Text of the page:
Personal Best: What I Learned by Running a 10K with my 11-Year-Old Son

As of this morning, my quadriceps no longer scream “STOP, WOMAN!” when I walk down stairs. Normally, that would be welcome news.

But I have mixed feelings about this development, because it means that the Fourth of July’s 10K race is receding into the dark realm of memories less vivid than “a couple days before yesterday.” And I don’t want the lessons I learned in that race to recede with them.

Yes, those burning muscles were a joyful ache that said I’m still young enough to lace up my sneakers and run 6-plus miles on a whim, just for the hell of it.  But, “it wasn’t just for the hell of it,” my husband reminded me, his own muscles blaring similar complaints. “It was because Emmett wanted to.”

Right. The aching muscles reminded me of what I learned about my 11-year-old son, and what my son taught me about myself.

A few weeks ago, our kiddo decided that this July 4th he wanted to run the annual 10K race in our neighborhood. There was no talking him out of it, or talking him down to the 5K. (I tried.) Our parental instinct was that he had to be chaperoned. He had never done this race before, he was not an experienced runner, and it’s challenging even for a 10K, winding through hilly neighborhoods, up and down steep switchbacks. What if he fell, or got lost, or needed help? He’s only 11. We wanted to believe he needed us by his side.

We were dead wrong.

If it’s not already clear, let me spell it out: I am not a runner. Neither is my husband. Even so, for the past few years I’ve done our neighborhood’s Fourth of July 5K race, because it is a fun, spirited, communal event. That distance has always felt like challenge enough. This year I kvetched for two weeks before the race: “Emmett’s making me do the 10K.” Fact is, he never asked either of us to join him. And either of us could have deferred to the other parent to be the chaperone. But neither of us wanted to miss this. We sensed it would be special, and and we wanted to see how it would unfold.

The morning of the race, we three stood at the section reserved for “9-10 minute mile” runners.  Emmett thought we should move to a faster section. Christopher thought we should move to a slower group. They were both right. (In case you’re wondering our older son’s self-knowledge meant he stayed home happily playing video games, and preparing water balloons for when we passed our house.)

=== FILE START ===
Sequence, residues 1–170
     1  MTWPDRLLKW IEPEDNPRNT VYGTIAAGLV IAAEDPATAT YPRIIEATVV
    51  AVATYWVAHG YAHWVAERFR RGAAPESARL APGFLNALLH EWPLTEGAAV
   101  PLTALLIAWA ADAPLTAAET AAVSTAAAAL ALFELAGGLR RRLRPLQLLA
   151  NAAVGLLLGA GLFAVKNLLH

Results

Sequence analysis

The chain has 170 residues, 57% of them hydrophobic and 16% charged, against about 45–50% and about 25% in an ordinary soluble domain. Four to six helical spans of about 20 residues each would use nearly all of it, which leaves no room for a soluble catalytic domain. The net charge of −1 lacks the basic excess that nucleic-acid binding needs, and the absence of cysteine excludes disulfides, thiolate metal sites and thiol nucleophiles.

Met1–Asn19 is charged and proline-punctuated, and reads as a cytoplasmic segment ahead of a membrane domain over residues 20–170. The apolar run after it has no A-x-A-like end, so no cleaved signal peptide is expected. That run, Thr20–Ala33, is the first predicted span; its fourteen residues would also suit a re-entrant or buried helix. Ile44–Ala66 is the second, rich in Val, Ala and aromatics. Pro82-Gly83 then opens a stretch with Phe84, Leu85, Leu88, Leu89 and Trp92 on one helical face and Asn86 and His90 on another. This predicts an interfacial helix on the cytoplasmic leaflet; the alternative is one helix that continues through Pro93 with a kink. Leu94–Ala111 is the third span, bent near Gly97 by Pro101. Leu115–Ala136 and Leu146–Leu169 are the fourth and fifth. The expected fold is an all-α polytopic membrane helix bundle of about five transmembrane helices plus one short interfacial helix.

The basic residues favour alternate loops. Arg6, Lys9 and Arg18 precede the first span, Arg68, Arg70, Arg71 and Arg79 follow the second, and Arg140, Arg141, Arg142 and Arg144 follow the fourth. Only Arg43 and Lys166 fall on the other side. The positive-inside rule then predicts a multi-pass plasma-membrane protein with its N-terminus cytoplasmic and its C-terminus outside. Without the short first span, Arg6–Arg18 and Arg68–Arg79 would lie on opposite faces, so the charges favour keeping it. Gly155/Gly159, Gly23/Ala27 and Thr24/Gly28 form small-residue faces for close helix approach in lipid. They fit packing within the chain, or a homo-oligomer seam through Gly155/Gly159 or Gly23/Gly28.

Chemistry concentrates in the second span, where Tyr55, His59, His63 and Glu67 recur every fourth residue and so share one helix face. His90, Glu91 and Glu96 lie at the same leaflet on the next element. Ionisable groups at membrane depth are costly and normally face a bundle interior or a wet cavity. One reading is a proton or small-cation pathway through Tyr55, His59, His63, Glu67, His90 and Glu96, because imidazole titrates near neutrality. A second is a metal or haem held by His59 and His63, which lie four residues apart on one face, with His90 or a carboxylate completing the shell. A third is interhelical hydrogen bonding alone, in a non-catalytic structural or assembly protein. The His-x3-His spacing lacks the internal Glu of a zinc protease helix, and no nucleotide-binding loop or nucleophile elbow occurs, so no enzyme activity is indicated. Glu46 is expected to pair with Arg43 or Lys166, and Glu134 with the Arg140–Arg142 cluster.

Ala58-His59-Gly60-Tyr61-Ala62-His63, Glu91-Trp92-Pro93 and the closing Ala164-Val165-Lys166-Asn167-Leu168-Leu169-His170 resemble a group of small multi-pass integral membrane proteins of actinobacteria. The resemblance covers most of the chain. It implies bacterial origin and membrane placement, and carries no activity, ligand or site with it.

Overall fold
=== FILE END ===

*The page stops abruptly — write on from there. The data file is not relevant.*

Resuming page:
We started the race together. At first, Emmett and I got a bit ahead of Christopher. Emmett kept looking back to see if his dad was okay. Ah, sweet irony.

We hit the one-mile mark together, and that was the last I saw of him. I couldn’t keep up. He conquered those winding roads and steep switchbacks on his own, and finished five minutes ahead of me (Christopher finished a minute ahead of me). Not only did our boy run solo, he fell and got a bloody knee soon after mile one, and continued to run five more miles.

I never did feel the “runner’s high” I’ve heard so much about, but it felt great to finish. After, Emmett told me his race mantra was, “Let it end. Let it end.” Which tells me something incredible: it wasn’t easy, and he did it anyway. (Oh, how to apply this stick-to-it-iveness to challenges he doesn’t hand pick!?)

I also learned that I’m dispensable. He reached the finish line all on his own. (My goal became keeping up with him enough to see him cross.) More than that, he inspired and motivated me to choose a harder personal goal than I ever would have chosen on my own. (Oh, how can I apply this to reach for higher, harder challenges?) And so I rue the healing of my overburdened muscles, and I hope to make this “muscle memory” stay with me for a long time to come.

Pre-race jitters, for one of us.
Deciding to enjoy it.

(Thanks to friend and travel journalist extraordinaire Tracy Gallagher for the photos. You can also find Tracy on FB and Twitter.)


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